Our goal is to predict the concentration of air pollutants of the next day on the basis of the historical meteorological and air pollutant data. In this work, we have focused on using the former day’s data to predict the next day’s hourly pollutants. In particular, we let ( x i ; y i ) denote the ith training data, where y i R 24 × 1 denotes the concentration of a certain air pollutant on a day, and x i = ( u i ; v i ) denotes the observed data on the previous day that include two components, where a semicolon “;” represents the column layout. The first component u i = ( u i , 1 ; ; u i , D ) R 24 · D × 1 includes all meteorological data over 24 h for the previous day, where u i , j R 24 × 1 denotes the jth meteorological feature of the 24 h and D is the number of meteorological features; the second component v i R 24 × 1 includes the hourly concentration of the same air pollutant on the previous day. The general formulation can be expressed as
min W 1 n i = 1 n f ( W , x i ) y i 2 2 + φ ( W )
where W denotes the parameters of the model, f ( W , x i ) denotes the prediction of the air pollutant concentration, and φ ( · ) denotes a regularization function of the model parameters W.
Next, we introduce two levels of model regularization. The first level is to explicitly control the number of model parameters. The second level is to explicitly impose a certain regularization on the model parameter. For the first level, we consider three models that are described below:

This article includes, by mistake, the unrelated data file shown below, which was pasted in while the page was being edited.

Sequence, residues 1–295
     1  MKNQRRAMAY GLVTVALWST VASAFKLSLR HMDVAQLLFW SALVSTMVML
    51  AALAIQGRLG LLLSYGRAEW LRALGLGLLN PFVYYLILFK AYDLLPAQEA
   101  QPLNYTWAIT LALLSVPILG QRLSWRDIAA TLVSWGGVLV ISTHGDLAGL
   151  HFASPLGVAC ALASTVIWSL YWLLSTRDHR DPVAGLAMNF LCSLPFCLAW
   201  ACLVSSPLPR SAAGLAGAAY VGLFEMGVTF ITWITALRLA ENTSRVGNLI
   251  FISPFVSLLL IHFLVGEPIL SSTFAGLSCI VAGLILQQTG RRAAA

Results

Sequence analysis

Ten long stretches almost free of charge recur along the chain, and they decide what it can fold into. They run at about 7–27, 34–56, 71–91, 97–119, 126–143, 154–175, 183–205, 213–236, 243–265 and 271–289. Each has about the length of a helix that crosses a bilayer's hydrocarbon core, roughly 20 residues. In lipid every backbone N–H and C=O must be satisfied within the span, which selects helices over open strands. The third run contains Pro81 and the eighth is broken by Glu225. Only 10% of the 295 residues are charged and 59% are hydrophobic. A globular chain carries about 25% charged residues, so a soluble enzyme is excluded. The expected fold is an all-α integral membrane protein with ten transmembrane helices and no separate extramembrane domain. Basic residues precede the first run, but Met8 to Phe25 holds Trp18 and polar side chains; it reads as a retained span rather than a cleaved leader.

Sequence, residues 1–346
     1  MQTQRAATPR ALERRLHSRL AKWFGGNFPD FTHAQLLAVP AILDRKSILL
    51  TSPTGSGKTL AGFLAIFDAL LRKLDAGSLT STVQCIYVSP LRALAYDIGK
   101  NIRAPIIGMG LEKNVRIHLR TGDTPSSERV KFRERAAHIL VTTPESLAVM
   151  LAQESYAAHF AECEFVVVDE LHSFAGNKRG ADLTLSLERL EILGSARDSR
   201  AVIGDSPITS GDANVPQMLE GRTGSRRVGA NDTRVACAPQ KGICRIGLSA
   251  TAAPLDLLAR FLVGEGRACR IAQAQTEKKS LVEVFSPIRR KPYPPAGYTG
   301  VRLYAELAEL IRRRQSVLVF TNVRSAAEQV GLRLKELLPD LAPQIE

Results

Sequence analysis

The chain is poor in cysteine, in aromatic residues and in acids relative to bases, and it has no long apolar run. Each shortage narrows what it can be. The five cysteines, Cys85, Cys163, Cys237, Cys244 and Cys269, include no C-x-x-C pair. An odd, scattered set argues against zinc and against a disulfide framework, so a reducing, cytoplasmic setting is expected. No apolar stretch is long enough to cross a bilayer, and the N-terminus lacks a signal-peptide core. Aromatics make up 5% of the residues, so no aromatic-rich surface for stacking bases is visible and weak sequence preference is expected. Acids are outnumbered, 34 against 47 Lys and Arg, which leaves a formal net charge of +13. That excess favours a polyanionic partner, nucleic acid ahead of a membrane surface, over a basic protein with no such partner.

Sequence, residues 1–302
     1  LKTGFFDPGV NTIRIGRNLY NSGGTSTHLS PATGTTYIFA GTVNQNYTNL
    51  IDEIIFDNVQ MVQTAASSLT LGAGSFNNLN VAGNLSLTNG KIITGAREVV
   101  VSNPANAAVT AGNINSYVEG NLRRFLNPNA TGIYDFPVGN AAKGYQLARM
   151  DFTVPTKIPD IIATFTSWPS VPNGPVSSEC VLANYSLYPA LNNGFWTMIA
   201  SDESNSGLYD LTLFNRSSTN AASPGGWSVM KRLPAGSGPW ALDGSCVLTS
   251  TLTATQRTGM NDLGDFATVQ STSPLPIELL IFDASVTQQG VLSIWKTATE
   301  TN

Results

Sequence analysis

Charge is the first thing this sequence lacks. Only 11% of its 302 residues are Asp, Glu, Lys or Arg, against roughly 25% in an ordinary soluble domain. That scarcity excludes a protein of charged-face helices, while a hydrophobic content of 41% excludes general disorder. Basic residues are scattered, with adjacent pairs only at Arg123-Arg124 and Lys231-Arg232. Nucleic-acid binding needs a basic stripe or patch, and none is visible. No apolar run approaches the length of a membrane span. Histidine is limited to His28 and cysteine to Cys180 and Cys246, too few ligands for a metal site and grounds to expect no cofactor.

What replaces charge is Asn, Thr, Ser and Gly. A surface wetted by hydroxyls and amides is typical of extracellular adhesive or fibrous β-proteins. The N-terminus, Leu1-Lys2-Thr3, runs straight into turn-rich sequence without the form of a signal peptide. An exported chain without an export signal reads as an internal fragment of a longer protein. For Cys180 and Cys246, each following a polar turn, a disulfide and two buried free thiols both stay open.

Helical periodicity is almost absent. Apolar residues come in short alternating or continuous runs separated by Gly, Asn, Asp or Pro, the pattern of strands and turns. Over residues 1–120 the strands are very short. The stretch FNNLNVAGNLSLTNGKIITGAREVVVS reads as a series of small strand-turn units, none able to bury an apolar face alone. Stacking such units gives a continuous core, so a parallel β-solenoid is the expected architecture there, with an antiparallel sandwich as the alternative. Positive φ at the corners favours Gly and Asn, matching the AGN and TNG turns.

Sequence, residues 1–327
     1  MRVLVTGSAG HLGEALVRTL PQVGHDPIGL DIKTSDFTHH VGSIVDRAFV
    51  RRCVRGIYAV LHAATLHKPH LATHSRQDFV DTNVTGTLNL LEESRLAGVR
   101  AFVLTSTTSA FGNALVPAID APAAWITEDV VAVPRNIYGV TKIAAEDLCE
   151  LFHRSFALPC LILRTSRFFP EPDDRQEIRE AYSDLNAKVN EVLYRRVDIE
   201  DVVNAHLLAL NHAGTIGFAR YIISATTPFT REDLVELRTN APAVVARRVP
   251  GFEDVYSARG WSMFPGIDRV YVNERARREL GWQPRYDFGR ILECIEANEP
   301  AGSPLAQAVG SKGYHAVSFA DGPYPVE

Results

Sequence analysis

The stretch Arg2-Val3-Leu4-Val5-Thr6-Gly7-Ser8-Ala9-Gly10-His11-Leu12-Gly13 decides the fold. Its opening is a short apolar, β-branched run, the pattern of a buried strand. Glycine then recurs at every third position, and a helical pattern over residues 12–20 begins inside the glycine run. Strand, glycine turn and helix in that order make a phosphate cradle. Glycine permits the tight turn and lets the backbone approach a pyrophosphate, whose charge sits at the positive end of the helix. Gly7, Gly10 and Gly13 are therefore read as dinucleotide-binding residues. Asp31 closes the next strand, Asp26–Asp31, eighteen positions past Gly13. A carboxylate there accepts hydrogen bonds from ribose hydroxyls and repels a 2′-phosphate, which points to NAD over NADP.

• Baseline Model. The first model is a baseline model that has been considered in existing studies and has the fewest number of parameters. In particular, the prediction of the air pollutant concentration is given by
    f k ( W , x i ) = j = 1 D e k u i , j · w j + e k v i · w D + 1 + w 0 , k = 1 , , 24
    where e k R 24 × 1 is a basis vector with 1 at only the kth position and 0 at other positions; w 0 , w 1 , , w D , w D + 1 R are the model parameters, where w 0 is the bias term. We denote this model by W = ( w 0 , w 1 , , w D + 1 ) . It is notable that this model predicts the hourly concentration on the basis of the same hourly historical data of the previous day and that it has D + 2 parameters. This simple model assumes that all 24 h share the same model parameter.
  • Heavy Model. The second model takes all the data of the previous day into account when predicting the concentration of every hour of the second day. In particular, for the kth hour, the prediction is given by
    f k ( W , x i ) = j = 1 D u i , j w k , j + v i w k , D + 1 + w k , 0 , k = 1 , , 24
    where w k , j R 24 × 1 , j = 1 , , D + 1 and w k , 0 R . This model is defined by
    W = w 1 , 0 w 2 , 0 w 24 , 0 w 1 , 1 w 2 , 1 w 24 , 1 w 1 , D + 1 w 2 , D + 1 w 24 , D + 1
    We note that each column of W corresponds to the prediction model for each hour. There are a total of 24 × (24 × ( D + 1 ) + 1 ) parameters. It is notable that the baseline model is a special case by enforcing all columns of W to be the same and because each w k , j has only one non-zero element at the kth position.